Almost exactly a year ago I wrote a post entitled “Why I Read … Young Adult Novels“. This post isn’t true to who I am any more. I used to walk around the young adult section of a book store and pick out scores of books that I wanted to read. If I walked around a young adult section of a book store now I don’t think I could find very many.
This isn’t to say that I feel that the entirety of the young adult genre is trash, but it isn’t for me any more. I remember reading and really liking a handful of novels but I can’t really remember more than 1 or 2 that blew me away. There were some that made me feel, there were some that I read and enjoyed, but I can’t really tell you that there were more than a handful who made me stop and think about me life.
As I move through my college career I think that I have become not only more picky with the things that I read, but more critical of what I do read. I was told that undergraduate degrees are meant to:
- Introduce you to a field of study.
- Give you basic skills necessary to work in that field.
- Teach you to think critically.
It is this third aspect that I think is most important. You can get a graduate degree in something that is completely different from your undergraduate degree because you learn those first two things on the fly as you go into the specifics of a field of study. That third thing however is taught universally and is essential.
The GRE is a test necessitated by most graduate schools, much like the SATs for undergraduate but where the SAT measures skills in reading, writing and math, the GRE measures ones ability to think critically and solve puzzles masquerading as a test to quantitatively express reading, writing and math skills.
I can no longer read without thinking. I can no longer put aside the sort of blatant dumbing down that I have felt in so many young adult novels. I feel like a fair amount of these books could be great but simply are not. Either because the author does not believe young adults could read or would enjoy the book to its fullest, or because the editors and publishers are not pushing their authors far enough.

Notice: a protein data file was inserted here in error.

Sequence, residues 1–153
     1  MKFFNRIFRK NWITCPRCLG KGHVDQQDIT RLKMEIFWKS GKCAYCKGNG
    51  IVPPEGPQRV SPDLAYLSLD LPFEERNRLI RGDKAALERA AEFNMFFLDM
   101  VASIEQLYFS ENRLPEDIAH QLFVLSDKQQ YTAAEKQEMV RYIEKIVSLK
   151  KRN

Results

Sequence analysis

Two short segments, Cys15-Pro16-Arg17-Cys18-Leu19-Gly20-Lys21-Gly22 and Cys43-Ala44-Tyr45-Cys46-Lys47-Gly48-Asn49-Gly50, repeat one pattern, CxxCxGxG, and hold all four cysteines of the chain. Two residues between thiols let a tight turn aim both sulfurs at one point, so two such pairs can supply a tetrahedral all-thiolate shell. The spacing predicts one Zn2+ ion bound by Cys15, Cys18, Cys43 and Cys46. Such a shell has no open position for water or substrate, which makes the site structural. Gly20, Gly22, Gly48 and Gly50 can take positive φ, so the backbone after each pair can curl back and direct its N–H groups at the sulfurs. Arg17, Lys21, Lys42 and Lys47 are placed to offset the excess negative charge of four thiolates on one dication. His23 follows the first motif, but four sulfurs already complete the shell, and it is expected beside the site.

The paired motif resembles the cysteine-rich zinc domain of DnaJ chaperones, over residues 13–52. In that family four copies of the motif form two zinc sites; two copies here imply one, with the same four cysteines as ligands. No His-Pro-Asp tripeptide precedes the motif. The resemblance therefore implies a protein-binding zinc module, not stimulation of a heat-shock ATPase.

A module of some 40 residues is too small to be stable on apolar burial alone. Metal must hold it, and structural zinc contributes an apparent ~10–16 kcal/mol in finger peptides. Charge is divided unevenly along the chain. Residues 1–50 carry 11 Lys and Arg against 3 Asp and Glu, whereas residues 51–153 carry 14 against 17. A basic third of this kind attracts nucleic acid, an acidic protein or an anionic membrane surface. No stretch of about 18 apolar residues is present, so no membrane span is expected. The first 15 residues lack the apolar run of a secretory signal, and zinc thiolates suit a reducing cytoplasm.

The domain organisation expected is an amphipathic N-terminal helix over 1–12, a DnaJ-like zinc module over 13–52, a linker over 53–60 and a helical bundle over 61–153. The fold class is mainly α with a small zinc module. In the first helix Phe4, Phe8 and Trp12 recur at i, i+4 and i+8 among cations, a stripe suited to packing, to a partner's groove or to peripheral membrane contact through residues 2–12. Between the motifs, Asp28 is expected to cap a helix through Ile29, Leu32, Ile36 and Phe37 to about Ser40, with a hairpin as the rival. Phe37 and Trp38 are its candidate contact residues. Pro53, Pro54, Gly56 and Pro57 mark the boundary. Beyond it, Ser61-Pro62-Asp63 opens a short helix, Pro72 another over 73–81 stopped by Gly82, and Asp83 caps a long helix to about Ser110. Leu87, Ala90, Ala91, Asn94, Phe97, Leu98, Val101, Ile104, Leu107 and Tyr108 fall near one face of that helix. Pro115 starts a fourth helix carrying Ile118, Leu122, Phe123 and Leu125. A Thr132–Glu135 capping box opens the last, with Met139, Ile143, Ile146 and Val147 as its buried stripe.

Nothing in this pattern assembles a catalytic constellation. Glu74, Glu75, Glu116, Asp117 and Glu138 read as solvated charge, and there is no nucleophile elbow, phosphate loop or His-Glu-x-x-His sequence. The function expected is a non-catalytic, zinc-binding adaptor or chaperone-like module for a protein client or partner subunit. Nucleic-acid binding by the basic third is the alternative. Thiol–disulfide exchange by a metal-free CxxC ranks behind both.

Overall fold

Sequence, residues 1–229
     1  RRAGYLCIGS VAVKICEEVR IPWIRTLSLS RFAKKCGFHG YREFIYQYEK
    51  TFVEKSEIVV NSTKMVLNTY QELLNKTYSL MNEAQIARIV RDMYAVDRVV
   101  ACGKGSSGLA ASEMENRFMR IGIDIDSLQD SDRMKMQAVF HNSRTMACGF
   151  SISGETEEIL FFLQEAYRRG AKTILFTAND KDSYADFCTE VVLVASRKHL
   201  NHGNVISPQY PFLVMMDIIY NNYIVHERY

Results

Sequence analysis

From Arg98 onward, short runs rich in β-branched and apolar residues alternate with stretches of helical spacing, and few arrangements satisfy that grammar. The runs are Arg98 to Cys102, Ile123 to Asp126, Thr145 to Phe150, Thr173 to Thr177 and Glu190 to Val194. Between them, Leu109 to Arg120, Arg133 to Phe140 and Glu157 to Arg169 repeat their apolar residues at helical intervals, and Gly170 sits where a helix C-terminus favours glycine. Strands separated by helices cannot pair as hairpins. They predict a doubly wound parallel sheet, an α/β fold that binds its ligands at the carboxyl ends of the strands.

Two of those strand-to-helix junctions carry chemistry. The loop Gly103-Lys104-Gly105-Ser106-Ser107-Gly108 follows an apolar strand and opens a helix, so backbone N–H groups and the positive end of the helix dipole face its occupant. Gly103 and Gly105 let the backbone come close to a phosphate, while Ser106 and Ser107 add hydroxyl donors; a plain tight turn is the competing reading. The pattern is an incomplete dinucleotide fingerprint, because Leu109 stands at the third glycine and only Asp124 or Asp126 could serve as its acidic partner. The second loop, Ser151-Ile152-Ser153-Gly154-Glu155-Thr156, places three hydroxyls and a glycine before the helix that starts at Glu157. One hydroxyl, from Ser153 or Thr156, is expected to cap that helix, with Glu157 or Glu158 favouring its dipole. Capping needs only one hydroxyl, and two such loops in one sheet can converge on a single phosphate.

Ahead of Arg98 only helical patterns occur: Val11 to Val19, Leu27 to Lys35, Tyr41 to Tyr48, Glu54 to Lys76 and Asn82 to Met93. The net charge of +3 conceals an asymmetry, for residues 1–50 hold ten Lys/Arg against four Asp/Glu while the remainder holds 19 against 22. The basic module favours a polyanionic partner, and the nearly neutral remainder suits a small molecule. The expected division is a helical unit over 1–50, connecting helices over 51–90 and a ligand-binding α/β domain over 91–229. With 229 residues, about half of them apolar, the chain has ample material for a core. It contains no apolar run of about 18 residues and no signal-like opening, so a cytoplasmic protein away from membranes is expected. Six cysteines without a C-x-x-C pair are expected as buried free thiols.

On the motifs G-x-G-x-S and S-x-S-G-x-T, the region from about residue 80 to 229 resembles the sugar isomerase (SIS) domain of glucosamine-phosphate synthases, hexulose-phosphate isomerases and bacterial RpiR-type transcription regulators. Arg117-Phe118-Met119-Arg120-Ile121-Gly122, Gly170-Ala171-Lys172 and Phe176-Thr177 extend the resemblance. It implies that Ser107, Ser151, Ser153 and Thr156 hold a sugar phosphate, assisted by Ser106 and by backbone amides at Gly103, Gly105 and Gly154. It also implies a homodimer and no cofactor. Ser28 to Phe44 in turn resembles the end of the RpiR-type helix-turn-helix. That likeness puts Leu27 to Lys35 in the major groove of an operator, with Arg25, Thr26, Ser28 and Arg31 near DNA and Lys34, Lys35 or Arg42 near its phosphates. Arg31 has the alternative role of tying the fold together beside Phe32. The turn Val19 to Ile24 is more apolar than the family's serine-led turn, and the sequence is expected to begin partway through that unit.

Is this a problem of an over saturated market due to the success of young adult books? Is it a problem inherent in the genre itself? I don’t think children’s books have this problem. I’m often surprised by the depth and intricacies of books written for children so what is it about the young adult genre?
I’m not sure, but for now I think I will be sticking to the adult fiction section where more often than not I have a satisfying read, which is something I haven’t been able to say about the young adult genre in a long time.
Have I become like the snooty English major that I characterized in that post? Am I lost?
I know that there are still books in that genre that hold up to my standards. I still read young adult on occasion. I think my problem is not in the label of the genre, it is in the quality of the work at large in the genre. At least I hope it is.
I want to think that I am growing as an individual. I want to think that I am growing as a book reviewer. I hope that I will continue to grow and change.
Now, that being said, do I look down on people who read young adult. Of course not. If you can read it and still enjoy it more power to you. If you really love the genre. That is great. I’m happy that you are reading and reading something you care about. I’m just saying that it isn’t for me any more in the same way that I still have a hard time reading fantasy novels or war novels. There are good books in every genre, but not every genre is for everyone. My taste has changed, but that doesn’t mean I have a better pallet just a different one.